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Amazon is adding 4,800 full- and part-time jobs to Philadelphia and the surrounding region, business representatives and city officials announced.
Gathered outside City Hall on Tuesday morning, city officials and Amazon reps touted the prospect of “life-sustaining jobs,” which will pay a minimum of $15 an hour, plus offer health care, paid leave, and other benefits.
It’s not clear how many of the jobs will land in Philadelphia proper. Sam Bankole, senior staffing manager at Amazon, said they would all be within the metro area, naming Camden and Wilmington as possible locations. “We are focused on serving communities that are struggling and underserved,” Bankole said. “We’re going to use our local partners to help us find those associates and get them into the jobs.”
The e-commerce giant is on a nationwide hiring spree, announcing plans to hike its average starting wage to $18 an hour and bring on 125,000 new transportation workers across the country. The company has since added 4,000 jobs to the Kentucky metro area at that pay rate, along with signing bonuses.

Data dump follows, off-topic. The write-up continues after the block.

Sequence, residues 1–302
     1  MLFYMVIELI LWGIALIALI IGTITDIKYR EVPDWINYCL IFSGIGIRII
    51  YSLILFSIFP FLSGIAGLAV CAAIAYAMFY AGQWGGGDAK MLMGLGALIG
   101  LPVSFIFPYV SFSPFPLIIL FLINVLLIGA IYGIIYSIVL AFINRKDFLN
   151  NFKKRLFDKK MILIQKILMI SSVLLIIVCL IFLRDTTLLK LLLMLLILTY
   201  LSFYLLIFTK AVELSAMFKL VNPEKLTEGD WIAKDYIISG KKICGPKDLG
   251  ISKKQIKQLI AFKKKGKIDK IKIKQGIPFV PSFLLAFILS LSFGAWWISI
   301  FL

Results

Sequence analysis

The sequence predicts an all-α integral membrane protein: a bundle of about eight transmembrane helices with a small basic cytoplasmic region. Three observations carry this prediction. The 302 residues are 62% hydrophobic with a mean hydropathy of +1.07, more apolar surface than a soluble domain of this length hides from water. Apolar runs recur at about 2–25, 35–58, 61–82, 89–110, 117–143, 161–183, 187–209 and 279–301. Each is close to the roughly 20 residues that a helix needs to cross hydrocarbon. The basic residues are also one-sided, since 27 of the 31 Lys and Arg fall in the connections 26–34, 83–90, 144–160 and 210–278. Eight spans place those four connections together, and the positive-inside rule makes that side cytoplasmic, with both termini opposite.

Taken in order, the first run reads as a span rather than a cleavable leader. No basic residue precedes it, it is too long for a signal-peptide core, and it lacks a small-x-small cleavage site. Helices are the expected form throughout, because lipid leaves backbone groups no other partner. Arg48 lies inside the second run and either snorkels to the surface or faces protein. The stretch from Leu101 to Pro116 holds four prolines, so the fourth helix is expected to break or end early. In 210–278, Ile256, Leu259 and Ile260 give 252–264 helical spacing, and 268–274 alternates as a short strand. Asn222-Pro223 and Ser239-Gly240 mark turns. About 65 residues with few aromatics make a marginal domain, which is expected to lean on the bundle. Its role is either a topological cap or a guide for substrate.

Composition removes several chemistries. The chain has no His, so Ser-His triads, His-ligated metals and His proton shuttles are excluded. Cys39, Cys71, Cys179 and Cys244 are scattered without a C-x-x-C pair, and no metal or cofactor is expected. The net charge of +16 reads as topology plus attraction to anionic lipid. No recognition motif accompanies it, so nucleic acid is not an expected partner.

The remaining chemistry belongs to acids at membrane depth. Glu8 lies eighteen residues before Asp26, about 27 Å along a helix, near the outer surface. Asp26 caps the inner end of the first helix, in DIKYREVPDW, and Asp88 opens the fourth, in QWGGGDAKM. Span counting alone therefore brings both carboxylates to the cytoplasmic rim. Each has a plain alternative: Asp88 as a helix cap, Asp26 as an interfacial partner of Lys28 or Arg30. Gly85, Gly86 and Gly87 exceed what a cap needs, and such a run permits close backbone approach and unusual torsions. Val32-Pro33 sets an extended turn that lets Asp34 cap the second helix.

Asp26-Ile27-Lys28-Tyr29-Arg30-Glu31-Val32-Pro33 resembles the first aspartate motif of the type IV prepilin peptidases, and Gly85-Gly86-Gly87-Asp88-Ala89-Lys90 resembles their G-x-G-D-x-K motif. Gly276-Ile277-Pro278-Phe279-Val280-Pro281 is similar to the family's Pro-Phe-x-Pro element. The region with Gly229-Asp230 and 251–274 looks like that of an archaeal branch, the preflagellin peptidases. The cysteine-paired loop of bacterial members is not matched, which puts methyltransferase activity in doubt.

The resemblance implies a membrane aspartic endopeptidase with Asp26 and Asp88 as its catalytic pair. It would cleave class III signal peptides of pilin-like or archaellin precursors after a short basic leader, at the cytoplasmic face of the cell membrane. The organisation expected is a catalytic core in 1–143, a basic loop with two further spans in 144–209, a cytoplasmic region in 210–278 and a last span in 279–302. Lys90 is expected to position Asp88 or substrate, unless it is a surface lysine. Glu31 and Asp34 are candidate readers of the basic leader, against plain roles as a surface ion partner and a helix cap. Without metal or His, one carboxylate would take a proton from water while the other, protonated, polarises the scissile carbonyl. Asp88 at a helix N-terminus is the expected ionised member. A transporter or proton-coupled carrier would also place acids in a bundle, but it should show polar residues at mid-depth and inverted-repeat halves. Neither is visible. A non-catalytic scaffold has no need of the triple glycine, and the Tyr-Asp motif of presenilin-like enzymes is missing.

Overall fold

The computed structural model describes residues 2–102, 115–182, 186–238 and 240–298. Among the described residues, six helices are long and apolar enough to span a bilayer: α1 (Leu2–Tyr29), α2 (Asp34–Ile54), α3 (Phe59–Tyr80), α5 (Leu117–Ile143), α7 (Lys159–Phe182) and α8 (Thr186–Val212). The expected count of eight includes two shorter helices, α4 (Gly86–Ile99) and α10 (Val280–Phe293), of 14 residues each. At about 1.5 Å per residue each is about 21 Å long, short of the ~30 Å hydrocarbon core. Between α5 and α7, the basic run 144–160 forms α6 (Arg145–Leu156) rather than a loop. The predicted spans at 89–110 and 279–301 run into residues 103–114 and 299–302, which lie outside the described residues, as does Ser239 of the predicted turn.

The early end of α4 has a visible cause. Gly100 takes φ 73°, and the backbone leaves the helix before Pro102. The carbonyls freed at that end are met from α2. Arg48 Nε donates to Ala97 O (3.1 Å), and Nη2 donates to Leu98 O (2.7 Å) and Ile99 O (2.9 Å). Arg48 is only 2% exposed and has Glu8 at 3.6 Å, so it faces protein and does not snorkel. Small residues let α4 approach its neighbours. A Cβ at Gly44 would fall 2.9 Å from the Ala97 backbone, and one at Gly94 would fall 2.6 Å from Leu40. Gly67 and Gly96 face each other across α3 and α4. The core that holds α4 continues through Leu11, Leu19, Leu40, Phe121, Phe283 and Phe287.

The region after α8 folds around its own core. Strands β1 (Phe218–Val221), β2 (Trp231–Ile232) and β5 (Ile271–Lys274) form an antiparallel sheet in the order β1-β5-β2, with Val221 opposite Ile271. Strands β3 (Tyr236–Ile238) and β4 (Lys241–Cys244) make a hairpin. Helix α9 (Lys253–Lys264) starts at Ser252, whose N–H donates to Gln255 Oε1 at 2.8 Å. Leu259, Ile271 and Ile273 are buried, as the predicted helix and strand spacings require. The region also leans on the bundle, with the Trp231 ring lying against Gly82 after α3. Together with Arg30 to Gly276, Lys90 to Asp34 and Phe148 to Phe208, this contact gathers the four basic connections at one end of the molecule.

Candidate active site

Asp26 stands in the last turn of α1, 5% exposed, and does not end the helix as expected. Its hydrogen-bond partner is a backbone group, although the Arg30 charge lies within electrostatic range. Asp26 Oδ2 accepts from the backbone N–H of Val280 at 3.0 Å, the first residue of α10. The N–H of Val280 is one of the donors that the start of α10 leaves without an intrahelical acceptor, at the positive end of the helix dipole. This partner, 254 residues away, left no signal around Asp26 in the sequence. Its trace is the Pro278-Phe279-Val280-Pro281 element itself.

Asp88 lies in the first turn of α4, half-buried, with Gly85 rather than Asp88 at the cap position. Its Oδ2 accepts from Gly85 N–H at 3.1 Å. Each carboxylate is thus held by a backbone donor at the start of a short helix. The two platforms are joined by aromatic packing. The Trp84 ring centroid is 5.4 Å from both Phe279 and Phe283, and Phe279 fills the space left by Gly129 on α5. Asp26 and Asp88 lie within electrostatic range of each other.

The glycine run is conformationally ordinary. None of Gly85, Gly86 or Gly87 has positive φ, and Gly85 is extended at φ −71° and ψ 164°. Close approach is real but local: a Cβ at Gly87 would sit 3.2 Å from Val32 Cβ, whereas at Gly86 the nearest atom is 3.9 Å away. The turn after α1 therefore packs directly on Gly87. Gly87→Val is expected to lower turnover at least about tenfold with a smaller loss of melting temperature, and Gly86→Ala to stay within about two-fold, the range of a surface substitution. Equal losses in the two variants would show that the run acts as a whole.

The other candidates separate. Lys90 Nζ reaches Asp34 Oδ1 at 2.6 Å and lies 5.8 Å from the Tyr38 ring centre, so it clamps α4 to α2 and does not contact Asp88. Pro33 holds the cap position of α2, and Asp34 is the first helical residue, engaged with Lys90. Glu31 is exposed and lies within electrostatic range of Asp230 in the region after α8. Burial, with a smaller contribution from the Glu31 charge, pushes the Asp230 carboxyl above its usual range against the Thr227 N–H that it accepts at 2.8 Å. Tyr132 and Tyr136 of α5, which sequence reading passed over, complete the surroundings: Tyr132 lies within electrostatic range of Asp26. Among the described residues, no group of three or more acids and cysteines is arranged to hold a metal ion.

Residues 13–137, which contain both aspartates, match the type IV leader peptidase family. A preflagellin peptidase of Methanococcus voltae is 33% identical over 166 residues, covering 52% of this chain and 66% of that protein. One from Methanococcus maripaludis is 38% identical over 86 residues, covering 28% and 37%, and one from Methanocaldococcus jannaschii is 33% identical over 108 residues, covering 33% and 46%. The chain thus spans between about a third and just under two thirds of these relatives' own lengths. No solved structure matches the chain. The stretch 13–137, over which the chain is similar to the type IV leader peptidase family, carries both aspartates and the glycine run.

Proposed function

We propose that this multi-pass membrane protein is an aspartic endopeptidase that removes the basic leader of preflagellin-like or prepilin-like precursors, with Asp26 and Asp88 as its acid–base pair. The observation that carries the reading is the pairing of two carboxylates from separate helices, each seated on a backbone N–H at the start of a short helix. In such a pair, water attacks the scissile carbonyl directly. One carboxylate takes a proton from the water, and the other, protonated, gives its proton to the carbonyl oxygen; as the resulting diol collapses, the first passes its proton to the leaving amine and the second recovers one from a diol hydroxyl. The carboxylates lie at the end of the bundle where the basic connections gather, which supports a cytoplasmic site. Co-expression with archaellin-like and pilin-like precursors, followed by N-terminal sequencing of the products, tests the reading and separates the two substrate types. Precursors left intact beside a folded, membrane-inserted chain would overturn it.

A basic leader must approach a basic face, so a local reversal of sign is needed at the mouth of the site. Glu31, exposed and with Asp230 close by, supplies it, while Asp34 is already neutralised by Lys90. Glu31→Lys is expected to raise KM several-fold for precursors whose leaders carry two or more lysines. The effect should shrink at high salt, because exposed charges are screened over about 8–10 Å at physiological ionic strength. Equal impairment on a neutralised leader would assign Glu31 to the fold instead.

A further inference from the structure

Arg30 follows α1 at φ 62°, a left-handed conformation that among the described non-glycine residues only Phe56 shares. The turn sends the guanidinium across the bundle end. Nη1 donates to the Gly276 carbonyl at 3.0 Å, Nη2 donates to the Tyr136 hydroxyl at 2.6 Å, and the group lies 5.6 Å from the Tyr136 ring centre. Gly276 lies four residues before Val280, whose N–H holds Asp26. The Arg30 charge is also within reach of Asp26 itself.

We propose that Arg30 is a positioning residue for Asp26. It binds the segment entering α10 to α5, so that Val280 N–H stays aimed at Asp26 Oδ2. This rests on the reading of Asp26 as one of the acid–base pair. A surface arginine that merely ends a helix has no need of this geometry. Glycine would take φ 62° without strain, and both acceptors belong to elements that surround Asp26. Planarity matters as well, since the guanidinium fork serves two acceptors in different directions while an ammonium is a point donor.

While Philly lost a hotly contested bid for the second Amazon headquarters, the company’s footprint in the region has continued expanding at a steady clip. Amazon leases more than 50 large warehouses in the region, and earlier this month purchased its first brick-and-mortar office building in King of Prussia for $26.5 million, The Inquirer reported.
The company already employs more than 25,000 people in Pennsylvania, with legions of workers concentrated at fulfillment centers in the southeast corner of the state.
As Amazon’s growth has accelerated during the pandemic, so too has its share of criticism. Workers have railed against the company over issues like wages and working conditions. Last year, a Philadelphia-area woman who claimed she was fired for speaking out against her employer took the case to the National Labor Relations Board. Unionization efforts in parts of the U.S., while unsuccessful to date, have become a flashpoint for the company.
The addition of thousands more jobs would come as the pandemic continues to blunt the city’s economy.
Philadelphia’s unemployment sat at 9.4% in July, which is much lower than the nearly 20% unemployment rate in Philly a year prior but higher than the national average of 5.4%, according to the U.S. Bureau of Labor Statistics. Before COVID, in February 2020, Philly’s rate hovered near 6%.
Mayor Jim Kenney couched the new jobs as an opportunity to also combat the city’s gun violence crisis. Of the proposed wages and benefits, he said: “I think that’s what need to provide for our kids, and move them away from making these crazy decisions that put them in the grave or put them in jail.”
WHYY reporter Tom MacDonald contributed reporting.